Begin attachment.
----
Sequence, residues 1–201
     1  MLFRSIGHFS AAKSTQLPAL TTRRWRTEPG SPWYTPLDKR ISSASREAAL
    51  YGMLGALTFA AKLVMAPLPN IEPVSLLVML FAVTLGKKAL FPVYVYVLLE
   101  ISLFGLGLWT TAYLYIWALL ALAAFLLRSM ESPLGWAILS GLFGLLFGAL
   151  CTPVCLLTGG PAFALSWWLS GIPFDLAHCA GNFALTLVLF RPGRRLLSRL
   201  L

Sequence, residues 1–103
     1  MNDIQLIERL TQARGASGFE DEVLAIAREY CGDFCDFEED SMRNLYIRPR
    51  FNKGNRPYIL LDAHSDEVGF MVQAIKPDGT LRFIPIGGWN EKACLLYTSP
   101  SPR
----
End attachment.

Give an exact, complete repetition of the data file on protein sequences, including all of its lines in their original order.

Sequence, residues 1–201
     1  MLFRSIGHFS AAKSTQLPAL TTRRWRTEPG SPWYTPLDKR ISSASREAAL
    51  YGMLGALTFA AKLVMAPLPN IEPVSLLVML FAVTLGKKAL FPVYVYVLLE
   101  ISLFGLGLWT TAYLYIWALL ALAAFLLRSM ESPLGWAILS GLFGLLFGAL
   151  CTPVCLLTGG PAFALSWWLS GIPFDLAHCA GNFALTLVLF RPGRRLLSRL
   201  L

Sequence, residues 1–103
     1  MNDIQLIERL TQARGASGFE DEVLAIAREY CGDFCDFEED SMRNLYIRPR
    51  FNKGNRPYIL LDAHSDEVGF MVQAIKPDGT LRFIPIGGWN EKACLLYTSP
   101  SPR